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A traveler spends a few peaceful days with a man hiding a sad story.
Now, the weekly Special English program, AMERICAN STORIES.
Our story today is called "The Californian's Tale." It was written by Mark Twain. Here is Shep O'Neal with the story.
When I was young, I went looking for gold in California. I never found enough to make me rich. But I did discover a beautiful part of the country. It was called "the Stanislau." The Stanislau was like Heaven on Earth. It had bright green hills and deep forests where soft winds touched the trees.
Other men, also looking for gold, had reached the Stanislau hills of California many years before I did. They had built a town in the valley with sidewalks and stores, banks and schools. They had also built pretty little houses for their families.
At first, they found a lot of gold in the Stanislau hills. But their good luck did not last. After a few years, the gold disappeared. By the time I reached the Stanislau, all the people were gone, too.
Grass now grew in the streets. And the little houses were covered by wild rose bushes. Only the sound of insects filled the air as I walked through the empty town that summer day so long ago. Then, I realized I was not alone after all.
A man was smiling at me as he stood in front of one of the little houses. This house was not covered by wild rose bushes. A nice little garden in front of the house was full of blue and yellow flowers. White curtains hung from the windows and floated in the soft summer wind.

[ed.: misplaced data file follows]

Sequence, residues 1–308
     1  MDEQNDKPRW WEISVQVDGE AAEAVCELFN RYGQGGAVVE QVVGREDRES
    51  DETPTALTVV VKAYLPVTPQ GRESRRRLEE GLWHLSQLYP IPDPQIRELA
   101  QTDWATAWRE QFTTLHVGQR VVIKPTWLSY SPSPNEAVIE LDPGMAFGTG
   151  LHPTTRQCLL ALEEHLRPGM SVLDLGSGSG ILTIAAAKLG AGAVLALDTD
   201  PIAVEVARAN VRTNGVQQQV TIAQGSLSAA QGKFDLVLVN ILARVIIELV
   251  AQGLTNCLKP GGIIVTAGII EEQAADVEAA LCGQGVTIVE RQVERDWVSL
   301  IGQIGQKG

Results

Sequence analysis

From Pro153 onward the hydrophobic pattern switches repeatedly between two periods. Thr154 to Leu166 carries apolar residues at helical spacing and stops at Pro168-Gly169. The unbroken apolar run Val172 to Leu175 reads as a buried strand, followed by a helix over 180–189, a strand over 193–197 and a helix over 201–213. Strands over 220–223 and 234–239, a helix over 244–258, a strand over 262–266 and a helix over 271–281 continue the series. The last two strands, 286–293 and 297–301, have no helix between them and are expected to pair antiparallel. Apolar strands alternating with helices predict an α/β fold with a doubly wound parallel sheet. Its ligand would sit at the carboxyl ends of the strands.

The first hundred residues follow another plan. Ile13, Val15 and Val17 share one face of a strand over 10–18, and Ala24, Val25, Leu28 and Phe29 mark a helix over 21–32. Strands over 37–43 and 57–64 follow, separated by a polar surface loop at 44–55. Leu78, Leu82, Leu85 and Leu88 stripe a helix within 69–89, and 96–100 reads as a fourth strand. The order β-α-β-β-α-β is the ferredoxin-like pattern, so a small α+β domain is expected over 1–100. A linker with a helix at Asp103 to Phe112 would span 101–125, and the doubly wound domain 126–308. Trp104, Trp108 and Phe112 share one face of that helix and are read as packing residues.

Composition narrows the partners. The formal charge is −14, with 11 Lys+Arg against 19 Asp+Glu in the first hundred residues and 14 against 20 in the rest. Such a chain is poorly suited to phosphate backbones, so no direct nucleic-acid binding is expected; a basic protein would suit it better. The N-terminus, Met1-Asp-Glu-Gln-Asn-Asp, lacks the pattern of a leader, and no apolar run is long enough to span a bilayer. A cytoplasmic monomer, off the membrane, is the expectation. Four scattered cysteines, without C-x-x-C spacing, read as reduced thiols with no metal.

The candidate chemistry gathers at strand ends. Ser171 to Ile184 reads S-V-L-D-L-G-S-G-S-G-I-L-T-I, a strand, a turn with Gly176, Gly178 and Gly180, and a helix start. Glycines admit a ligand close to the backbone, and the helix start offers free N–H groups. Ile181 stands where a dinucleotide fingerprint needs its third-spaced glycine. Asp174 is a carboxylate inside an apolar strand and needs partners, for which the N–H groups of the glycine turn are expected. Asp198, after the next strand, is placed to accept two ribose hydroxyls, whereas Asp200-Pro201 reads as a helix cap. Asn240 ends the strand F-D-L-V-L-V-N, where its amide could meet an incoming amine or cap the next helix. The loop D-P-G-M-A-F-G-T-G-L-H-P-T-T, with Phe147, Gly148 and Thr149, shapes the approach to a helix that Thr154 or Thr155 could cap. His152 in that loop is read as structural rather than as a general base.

Still smiling, the man opened the door of his house and motioned to me. I went inside and could not believe my eyes. I had been living for weeks in rough mining camps with other gold miners. We slept on the hard ground, ate canned beans from cold metal plates and spent our days in the difficult search for gold.
Here in this little house, my spirit seemed to come to life again.
I saw a bright rug on the shining wooden floor. Pictures hung all around the room. And on little tables there were seashells, books and china vases full of flowers. A woman had made this house into a home.
The pleasure I felt in my heart must have shown on my face. The man read my thoughts. "Yes," he smiled, "it is all her work. Everything in this room has felt the touch of her hand."
One of the pictures on the wall was not hanging straight. He noticed it and went to fix it. He stepped back several times to make sure the picture was really straight. Then he gave it a gentle touch with his hand.
"She always does that," he explained to me. "It is like the finishing pat a mother gives her child's hair after she has brushed it. I have seen her fix all these things so often that I can do it just the way she does. I don't know why I do it. I just do it."
As he talked, I realized there was something in this room that he wanted me to discover. I looked around. When my eyes reached a corner of the room near the fireplace, he broke into a happy laugh and rubbed his hands together.
"That's it!" he cried out. "You have found it! I knew you would. It is her picture. I went to a little black shelf that held a small picture of the most beautiful woman I had ever seen. There was a sweetness and softness in the woman's expression that I had never seen before.
The man took the picture from my hands and stared at it. "She was nineteen on her last birthday. That was the day we were married. When you see her…oh, just wait until you meet her!"
"Where is she now?" I asked.
"Oh, she is away," the man sighed, putting the picture back on the little black shelf. "She went to visit her parents. They live forty or fifty miles from here. She has been gone two weeks today."
"When will she be back?" I asked. "Well, this is Wednesday," he said slowly. "She will be back on Saturday, in the evening."
I felt a sharp sense of regret. "I am sorry, because I will be gone by then," I said.